I thought about how I’d write this article for a very long time, but I recently realized that it was time to stop over-analyzing and share my story, in the hopes that it would inspire others. The feedback I got when I shared my non-traditional educational background on LinkedIn was incredible. The support has motivated me to continue the dialogue and challenge my fellow leaders to reconsider how they view candidates with unique backgrounds.

I don’t have a college degree. There, I said it. And you know what? That statement does not define me or limit me. It’s a fact, a part of my background, and is likely one of the reasons I’ve had the career I’ve had.

Do I regret not finishing my degree? I do wish I had the life experience of college, the knowledge I would have gained, and the relationships I would have built. But I also know without a doubt that I would not be who I am today if I had gone down the path of a traditional education. Who knows, I may have accomplished “more.” But I have a husband and three daughters that I love, I have a job that I find tremendously fulfilling, and I’ve had the fortune to meet amazing people and travel to fantastic places.

My career provided me the opportunity to stay home for seven years when my children were small. I now have the honor to lead and mentor others, and I hope to inspire and challenge them to achieve their own success. For me, that exceeds every expectation I had for my future when I entered — and re-entered — the workforce.

The reality is, I’m in good company — many successful people did not finish college — but I’ve also been incredibly fortunate. Fortunate to have had people who took the time to look past my lack of a formal education, to get to know me and understand the skills, passion, and drive I bring to what I do. Those early leaders, mentors, and sponsors took a chance on me and supported my career growth. They saw my potential and opened doors that lead to a journey I would never have imagined. I’m beyond thankful for each of them and I am incredibly passionate about supporting and leading others as they grow and develop along their unique career paths.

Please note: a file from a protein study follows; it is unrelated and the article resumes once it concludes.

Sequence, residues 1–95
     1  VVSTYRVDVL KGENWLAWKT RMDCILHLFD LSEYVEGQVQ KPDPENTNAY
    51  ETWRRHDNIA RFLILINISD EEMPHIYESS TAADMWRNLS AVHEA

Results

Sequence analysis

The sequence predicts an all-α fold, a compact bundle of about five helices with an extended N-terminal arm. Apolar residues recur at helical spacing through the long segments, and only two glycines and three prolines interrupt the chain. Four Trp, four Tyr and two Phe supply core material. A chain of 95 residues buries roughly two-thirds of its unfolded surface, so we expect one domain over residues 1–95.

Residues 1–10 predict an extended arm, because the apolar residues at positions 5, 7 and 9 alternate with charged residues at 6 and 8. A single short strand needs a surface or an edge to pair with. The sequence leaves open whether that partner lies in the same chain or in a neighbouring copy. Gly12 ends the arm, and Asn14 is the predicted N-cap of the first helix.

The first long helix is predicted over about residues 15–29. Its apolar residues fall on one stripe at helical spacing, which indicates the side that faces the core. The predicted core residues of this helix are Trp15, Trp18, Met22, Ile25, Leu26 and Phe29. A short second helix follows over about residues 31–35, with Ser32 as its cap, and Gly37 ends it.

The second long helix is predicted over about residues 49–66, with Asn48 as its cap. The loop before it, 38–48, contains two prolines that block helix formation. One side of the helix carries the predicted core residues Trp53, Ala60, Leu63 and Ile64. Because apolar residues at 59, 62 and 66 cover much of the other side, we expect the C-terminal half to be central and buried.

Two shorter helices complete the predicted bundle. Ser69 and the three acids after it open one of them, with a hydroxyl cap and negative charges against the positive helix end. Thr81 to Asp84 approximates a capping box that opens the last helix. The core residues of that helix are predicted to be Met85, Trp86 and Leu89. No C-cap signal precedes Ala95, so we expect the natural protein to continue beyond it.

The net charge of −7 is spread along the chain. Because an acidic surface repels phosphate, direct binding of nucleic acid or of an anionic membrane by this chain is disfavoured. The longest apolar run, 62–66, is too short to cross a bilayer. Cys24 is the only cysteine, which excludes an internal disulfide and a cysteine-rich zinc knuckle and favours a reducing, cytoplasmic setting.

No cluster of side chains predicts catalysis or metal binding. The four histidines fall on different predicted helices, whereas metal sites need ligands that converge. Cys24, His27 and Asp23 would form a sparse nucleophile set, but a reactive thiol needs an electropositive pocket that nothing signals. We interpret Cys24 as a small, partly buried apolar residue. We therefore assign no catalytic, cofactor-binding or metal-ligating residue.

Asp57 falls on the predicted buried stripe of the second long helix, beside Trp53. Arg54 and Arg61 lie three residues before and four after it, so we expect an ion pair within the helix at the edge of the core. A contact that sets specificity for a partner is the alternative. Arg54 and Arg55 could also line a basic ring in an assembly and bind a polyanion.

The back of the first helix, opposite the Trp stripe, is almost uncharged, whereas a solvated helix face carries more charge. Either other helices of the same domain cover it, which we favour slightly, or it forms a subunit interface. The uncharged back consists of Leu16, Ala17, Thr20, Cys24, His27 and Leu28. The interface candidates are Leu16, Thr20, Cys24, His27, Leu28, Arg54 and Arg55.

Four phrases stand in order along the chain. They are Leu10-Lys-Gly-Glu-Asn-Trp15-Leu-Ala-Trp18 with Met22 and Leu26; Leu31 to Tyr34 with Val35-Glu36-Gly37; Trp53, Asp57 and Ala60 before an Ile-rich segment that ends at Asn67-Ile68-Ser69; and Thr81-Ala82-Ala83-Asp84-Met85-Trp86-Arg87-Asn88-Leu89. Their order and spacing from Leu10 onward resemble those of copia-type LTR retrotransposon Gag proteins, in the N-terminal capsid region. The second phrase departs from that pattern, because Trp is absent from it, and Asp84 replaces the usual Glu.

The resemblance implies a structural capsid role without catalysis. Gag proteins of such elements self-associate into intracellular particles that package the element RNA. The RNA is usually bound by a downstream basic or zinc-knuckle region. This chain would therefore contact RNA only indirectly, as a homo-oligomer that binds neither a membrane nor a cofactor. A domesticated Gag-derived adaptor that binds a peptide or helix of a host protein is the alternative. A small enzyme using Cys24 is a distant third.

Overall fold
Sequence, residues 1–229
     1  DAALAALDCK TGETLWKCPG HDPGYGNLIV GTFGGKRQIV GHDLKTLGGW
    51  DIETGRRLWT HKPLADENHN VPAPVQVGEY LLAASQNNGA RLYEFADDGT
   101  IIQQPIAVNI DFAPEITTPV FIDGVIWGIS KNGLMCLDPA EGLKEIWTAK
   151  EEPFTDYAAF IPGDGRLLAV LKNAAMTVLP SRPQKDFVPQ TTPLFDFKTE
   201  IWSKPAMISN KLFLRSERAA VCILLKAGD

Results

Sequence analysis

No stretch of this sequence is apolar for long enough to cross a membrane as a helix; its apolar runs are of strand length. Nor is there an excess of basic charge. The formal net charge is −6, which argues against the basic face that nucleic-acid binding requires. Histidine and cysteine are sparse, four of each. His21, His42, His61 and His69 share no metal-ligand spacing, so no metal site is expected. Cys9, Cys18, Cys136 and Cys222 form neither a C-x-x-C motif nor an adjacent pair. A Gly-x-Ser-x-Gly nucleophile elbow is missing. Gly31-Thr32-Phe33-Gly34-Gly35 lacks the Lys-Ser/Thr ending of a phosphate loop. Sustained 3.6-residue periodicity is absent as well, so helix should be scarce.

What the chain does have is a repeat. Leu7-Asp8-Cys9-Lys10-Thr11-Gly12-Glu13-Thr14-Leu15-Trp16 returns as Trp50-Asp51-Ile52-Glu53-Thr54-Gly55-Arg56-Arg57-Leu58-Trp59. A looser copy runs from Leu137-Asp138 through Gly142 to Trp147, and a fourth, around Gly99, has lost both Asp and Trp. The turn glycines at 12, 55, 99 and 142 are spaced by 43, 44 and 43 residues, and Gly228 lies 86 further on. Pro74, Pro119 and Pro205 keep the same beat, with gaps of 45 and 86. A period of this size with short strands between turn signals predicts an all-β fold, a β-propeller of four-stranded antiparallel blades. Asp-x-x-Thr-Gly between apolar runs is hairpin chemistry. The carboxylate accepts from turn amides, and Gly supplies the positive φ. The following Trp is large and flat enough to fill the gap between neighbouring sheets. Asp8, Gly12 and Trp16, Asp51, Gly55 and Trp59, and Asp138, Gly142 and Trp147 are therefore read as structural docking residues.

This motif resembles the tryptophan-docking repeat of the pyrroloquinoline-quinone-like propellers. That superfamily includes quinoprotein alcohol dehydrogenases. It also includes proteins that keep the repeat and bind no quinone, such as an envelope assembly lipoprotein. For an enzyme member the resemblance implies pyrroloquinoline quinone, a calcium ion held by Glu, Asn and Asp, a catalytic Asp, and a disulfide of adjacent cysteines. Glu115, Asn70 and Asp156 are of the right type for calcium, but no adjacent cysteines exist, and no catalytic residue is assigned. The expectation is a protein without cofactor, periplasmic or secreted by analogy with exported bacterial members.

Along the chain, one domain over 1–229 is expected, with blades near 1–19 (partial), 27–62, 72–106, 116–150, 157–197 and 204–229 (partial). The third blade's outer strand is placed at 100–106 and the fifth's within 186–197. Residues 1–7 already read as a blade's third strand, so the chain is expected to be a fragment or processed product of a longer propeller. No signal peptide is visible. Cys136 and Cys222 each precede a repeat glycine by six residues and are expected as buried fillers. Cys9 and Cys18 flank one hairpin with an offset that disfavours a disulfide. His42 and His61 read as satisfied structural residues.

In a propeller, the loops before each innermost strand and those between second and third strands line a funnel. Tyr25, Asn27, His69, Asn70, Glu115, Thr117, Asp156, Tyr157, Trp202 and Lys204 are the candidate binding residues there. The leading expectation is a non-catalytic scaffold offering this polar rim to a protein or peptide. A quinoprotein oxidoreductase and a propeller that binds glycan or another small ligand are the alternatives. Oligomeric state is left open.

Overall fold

People learn through different ways and experiences. College is one way, but life and career experiences are tremendously valuable as well. For me, the lack of a formal education has made me more driven, more determined to create my own success, and very intentional when it comes to my personal development. In today’s world of rapid innovation and a tremendously competitive talent market, we all need to be lifelong learners, regardless of our educational background.

If 2020 taught us anything, it’s that we need to be prepared to pivot, learn new skills, and adapt to ever changing circumstances. These and many other critical job skills, such as grit, empathy, and emotional intelligence, are not easily taught in a classroom, they are innate skills that are further developed through experience. These skills aren’t measured by a piece of paper or apparent on a resume or job application; they are evaluated through human-to-human interaction.

Diversity comes in many forms, and educational diversity is one of those, one that isn’t often talked about or considered.

With that, I challenge my fellow leaders to invest their time with someone from a non-traditional background. Get to know the person behind that resume or LinkedIn profile. You may find that they are a perfect for your team, you may not. Regardless, give them the gift of your time by providing feedback and, if appropriate, through mentorship. Help them network or find a role that is right for them. Take a chance, because you may find your next top performer hiding in places you never would have considered.

Katie Mevis is head of North America High Growth at SAP.